Australian terroir based on light, not soilBy Gabriel Stone
Australian producers should focus their notion of terroir less on soil and instead wake up to the far greater impact of light, according to leading winemaker Bill Downie.
Gippsland-based Downie, who also heads up the high profile Thousand Candles project in Yarra Valley, called on Australian winemakers to move away from what he feels is a very French-led perspective on terroir.
“An enormous amount of weight is given to geology and soil composition,” remarked Downie. “They speak about it a lot in France, as they should, because they have very young soils and geological formations.” However, he argued: “It’s the opposite in Australia. It isn’t about new formations like limestone with lots of nutrients here. We’ve got very old depleted soils so the thing that has the most impact is light.”
Linking this angle to the country’s identity as a whole, Downie remarked: “In Australia it’s that vastness, that sense of space, the nature of the light that’s the most important aspect of sense of place. That’s what’s important to me.”
While acknowledging that soil does have a degree of impact on Australian wine, Downie, who has spent time working in both countries, continued: “If terroir in France is 30% above ground, in Australia it’s the reverse. Australian terroir is driven by light more than it is by rock, but I can’t make Australian winemakers think about it in that sense.”
He extrapolated this argument to the concept of single vineyard wines, saying: “All the time I see people emulating Burgundy – that single vineyard model is emulating Burgundy.” However, argued Downie, “With single vineyard, very often people have arrived at that site with a preconceived idea of what they’re going to do. That means it might be single vineyard, but it’s not a wine of place.”
Applying this outlook to Thousand Candles, a project backed by a Singaporean investor which produced its first vintage in 2011 and retails in the UK for around £60 per bottle, Downie summed up: “It’s solely a farming project, letting the wine be what it is.”
Recalling the start of the venture, he outlined: “I said right, let’s focus all the money and energy on farming and the wine will be what it will be. We won’t have any preconceived ideas of what the wine will taste like. At the time it was probably the most controversial thing that’s happened with wine in this country for a long time because we farmed and we listened.”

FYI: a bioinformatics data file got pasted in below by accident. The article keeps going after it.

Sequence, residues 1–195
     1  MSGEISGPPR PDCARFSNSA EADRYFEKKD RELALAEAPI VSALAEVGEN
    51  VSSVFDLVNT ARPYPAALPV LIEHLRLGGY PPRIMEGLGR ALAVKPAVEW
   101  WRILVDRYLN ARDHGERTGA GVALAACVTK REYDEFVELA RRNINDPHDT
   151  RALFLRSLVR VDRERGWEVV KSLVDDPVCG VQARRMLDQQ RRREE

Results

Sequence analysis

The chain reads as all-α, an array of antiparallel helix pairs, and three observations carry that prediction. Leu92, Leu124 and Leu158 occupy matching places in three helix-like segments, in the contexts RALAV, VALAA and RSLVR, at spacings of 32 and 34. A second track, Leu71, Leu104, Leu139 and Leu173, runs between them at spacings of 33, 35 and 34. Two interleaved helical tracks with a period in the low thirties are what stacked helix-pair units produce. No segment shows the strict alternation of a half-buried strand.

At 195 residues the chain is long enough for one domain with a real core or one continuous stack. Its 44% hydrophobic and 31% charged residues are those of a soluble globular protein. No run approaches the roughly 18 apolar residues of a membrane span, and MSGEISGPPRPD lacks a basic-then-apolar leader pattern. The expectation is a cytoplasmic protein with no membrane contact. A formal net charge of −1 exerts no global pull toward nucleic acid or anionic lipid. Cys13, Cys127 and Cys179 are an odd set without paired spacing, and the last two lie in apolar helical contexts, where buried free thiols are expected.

Due to this approach, Downie acknowledged: “We’ve ended up with a wine that is very unusual by many people’s standards so it’s been a bit controversial as a result.”
In terms of understanding the site, which currently has nearly 100 acres planted to vineyard, he commented: “We’ve still got a few years to go. It comes on incrementally, but the last 10-20% can take a lifetime.”
Nevertheless, with the 2013 vintage about to launch onto the market, Downie reported: “We’re now in the third year and to me, finally, this is the first time I’ve bottled a wine and
been able to say that this is a wine of place.”
Similarly to previous vintages, Thousand Candles 2013 is a blend of 55% Shiraz, 40% Pinot Noir and 5% Sauvignon Blanc – the varieties that were already planted when the estate was bought.
“Variety is completely and utterly irrelevant,” insisted Downie on the subject of this unusual combination of grapes. “The only thing that matters to me so far as varietal selection goes is when is its optimum maturity? The only thing I ask is does it ripen in the second half of March? Then it’s worth planting.”
Despite its current prominence in the final blend, Downie noted: “Pinot Noir doesn’t ripen in the right window on that site. I’d never have planted Pinot; Shiraz is far more expressive of site in that place.”
Looking to the future, he revealed that the Thousand Candles team has now planted Cabernet Sauvignon, Merlot, Cabernet France and Malbec, although Downie added: “I don’t know whether we’ll use it in the final blend or not.”
Nevertheless, he signalled particular potential for Malbec, based on his own experience of trying this variety during a tasting of blending components for fellow Yarra producer Mount Mary back in 2005.
“I thought it was really beautiful and a wine I was sure I could identify as Yarra,” Downie recalled. “It was kind of what you imagine Pinot Noir might be in the Yarra but never is: structured, delicate, elegant.”
Both with his own Gippsland projects and “day job” at Thousand Candles, Downie outlined his ambition to create wines that are inspired entirely by their Australian setting rather than any outside influence.
“We’ve been schooled in this county into thinking that all the wine from other countries is better than here,” he remarked. “It’s had a profound effect on me that for the last 20 years, everything that’s been done in this country has been a version of something else.”
However, returning to his theme of terroir, Downie maintained: “Having spent a few years in Burgundy, it’s pretty clear to me that Australia is a fundamentally different place. I don’t think we’ve ever properly appreciated that Australia is unique.”
In short, he concluded: “Australian wine could be – and should be – the equal of other places in the world, but we have to stop emulating other places.”